Sunday, May 1st: May Day! May Day! (Don’t Panic. It Is May Day, After All! Time To Celebrate Spring!!!)


Oxbow Farm's Luke Woodward proudly showing off his prized carrots. Photo copyright 2009 by Zachary D. Lyons.

Now, I am certain it is spring! Oxbow Farm returns today. Welcome back Luke and the gang for another great year of deliciousness. Luke tells me they’ll have parsnips, russets, wild nettles, spinach, various raabs and a bunch of plants, including their famous tomato starts and a variety of brassicas.

Hey, as much as I talk about it being spring, and today it will really feel like it, the Pagan calendar considers May 1st to be the beginning of summer, and they mark it with the holiday of Beltane. So celebrate looking forward to a great harvest, and celebrate fertility! Set a bonfire! Color some eggs and hang them from trees! (Oh, by the way, those colored eggs eventually led to the Easter egg hunt, after early Christians stole the Pagans’ eggs and buried them.) Today is also the international day of workers, so thank yourself, and someone working for or near you, for keeping things moving, in spite of Congress, the banking industry, oil companies and the lot. Oh, and today a bunch of anarchists will likely march around the streets of Olympia and do a dance with local authorities.

Asparagus from Magana. Photo copyright 2010 by Zachary D. Lyons.

Magana Farms also returns today for the 2011 market season with lots of Yakima Valley asparagus. Yup, it’s time to get your asparagus on, folks. In fact, not only Magana, but also Lyall Farms and Alm Hill Gardens will have asparagus today. Woohoo!!!

Squash blossoms & baby squash from Colinwood Farms. Photo copyright 2011 by Zachary D. Lyons.

No, this isn’t a file photo. These are squash blossoms photographed by yours truly just last Sunday. Colinwood Farm grows them in their greenhouse every spring, just to please us and confuse the heck out of us. But hey, stop questioning. Instead, grab some of these beauties, and then get some chevre or fromage from one of our various cheese makers and stuff these bad boys and fry ’em up! You can thank me later. Oh! They have adorable little baby squash ripe for the sauteing, too!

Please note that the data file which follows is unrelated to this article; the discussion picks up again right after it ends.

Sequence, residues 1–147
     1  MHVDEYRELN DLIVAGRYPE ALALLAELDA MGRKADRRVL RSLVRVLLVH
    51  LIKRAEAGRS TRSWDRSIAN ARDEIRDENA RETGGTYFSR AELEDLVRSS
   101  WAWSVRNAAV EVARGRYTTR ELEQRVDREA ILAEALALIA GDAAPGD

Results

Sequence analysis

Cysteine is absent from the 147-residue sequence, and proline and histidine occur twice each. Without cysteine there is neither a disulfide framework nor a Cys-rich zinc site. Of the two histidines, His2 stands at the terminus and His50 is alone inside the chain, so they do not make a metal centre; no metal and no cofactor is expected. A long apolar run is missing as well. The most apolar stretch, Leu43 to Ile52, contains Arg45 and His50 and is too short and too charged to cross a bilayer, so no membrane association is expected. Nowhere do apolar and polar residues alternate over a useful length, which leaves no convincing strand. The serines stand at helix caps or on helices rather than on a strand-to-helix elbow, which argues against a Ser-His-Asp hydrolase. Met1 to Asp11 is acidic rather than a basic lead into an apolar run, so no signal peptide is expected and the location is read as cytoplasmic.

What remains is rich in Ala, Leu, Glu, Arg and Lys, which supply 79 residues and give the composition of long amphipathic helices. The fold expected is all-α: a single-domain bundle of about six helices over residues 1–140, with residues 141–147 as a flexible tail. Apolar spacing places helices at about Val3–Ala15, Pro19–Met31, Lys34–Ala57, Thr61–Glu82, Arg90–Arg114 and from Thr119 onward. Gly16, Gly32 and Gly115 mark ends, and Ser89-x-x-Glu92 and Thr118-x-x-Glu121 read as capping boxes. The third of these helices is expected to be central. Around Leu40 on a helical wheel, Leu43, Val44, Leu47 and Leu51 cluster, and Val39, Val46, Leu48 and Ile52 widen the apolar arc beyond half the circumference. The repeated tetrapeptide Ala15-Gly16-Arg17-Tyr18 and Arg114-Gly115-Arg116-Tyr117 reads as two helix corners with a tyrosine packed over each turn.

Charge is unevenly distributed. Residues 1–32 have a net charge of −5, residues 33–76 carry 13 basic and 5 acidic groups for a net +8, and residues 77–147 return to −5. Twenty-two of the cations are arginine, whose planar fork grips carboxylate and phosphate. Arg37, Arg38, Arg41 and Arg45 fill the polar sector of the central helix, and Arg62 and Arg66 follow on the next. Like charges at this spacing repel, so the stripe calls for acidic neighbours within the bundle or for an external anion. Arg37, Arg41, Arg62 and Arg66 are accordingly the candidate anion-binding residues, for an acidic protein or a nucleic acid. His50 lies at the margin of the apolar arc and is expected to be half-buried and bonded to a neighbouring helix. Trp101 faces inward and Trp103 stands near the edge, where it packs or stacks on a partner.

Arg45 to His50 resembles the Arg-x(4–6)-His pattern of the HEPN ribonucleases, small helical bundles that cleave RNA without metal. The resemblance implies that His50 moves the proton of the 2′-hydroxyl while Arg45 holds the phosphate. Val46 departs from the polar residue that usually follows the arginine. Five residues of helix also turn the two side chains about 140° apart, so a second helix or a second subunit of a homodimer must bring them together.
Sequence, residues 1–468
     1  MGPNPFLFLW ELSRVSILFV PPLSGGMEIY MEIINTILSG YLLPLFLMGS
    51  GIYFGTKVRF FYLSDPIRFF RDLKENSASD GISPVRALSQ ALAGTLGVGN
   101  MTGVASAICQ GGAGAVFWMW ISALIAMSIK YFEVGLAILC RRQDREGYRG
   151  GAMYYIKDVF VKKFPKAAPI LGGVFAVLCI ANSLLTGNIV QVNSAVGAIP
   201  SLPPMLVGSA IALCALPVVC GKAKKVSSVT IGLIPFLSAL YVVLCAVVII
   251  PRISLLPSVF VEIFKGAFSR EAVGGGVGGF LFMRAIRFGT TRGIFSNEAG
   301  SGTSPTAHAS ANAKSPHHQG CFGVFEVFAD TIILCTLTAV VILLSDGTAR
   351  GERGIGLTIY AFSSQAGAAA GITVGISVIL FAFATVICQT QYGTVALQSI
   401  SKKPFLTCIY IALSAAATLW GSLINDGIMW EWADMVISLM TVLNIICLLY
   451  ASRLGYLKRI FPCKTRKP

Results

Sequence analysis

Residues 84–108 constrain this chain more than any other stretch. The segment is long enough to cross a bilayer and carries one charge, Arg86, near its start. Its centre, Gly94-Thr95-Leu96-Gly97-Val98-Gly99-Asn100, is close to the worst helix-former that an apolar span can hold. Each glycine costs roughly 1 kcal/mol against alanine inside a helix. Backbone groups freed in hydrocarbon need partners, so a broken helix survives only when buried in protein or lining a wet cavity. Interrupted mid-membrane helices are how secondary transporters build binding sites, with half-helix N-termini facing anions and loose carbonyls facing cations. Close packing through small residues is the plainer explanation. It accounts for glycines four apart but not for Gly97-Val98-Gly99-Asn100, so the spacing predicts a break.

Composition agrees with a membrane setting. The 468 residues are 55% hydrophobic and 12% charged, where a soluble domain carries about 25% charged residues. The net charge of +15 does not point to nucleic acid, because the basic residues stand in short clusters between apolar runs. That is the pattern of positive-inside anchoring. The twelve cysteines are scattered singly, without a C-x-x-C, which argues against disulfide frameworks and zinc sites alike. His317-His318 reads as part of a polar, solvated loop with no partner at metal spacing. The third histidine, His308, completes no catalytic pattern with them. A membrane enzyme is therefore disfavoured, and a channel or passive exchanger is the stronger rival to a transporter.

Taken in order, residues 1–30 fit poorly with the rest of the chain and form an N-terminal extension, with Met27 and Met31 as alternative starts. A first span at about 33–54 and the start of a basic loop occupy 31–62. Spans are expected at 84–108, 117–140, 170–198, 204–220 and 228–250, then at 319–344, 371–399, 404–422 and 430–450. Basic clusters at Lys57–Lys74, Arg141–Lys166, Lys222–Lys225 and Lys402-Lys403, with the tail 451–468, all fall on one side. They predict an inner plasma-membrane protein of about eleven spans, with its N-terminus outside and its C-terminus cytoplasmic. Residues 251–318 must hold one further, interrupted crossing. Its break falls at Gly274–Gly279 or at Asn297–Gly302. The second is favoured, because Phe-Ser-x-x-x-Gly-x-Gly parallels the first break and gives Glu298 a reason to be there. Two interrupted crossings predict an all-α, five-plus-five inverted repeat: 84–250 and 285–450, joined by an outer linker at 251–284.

Canned smoked salmon bellies from Loki Fish. Photo copyright 2011 by Zachary D. Lyons.

I’ve never understood why some people trim the belly fat off of their salmon. I mean, when are people gonna get it through their thick skulls that not all fat is bad? In fact, fat is a necessary part of our diets, and without it, our brains literally cease to function. That’s why fish is good brain food. And cold water fish is even better brain food. It’s got all those omega fatty acids that make our brains and our hearts so happy. And those salmon bellies so many of you are eschewing are full of them. Not to mention the fact that they are friggin’ delicious! Honestly, I was at this fish market in Florida — a place I already established two weeks ago with you as devoid of real farmers markets — and in addition to the great local seafood they had in their cases, they had wild Alaskan salmon… with the belly fat all trimmed away. In horror, I asked, “Why?!?” They said most people wanted it that way — more evidence that that state is just fundamentally twisted. So then I asked, “Do you at least save the bellies for yourself?” And they said, “Of course. That’s the best part of the fish!” Yes, a voice a reason in an unreasonable place. Blessed are the fishers and fishmongers! Well, salmon bellies are something many of us understand around here, and Loki Fish decided it was high time they canned some of them just for us. (I can only assume that Dylan and Pete simply had more salmon bellies than they could possible eat by themselves!) So come pick up a can of Loki’s smoked salmon bellies today. Okay, get three, and tell your family you got two, and then eat the third of them in your car in the driveway.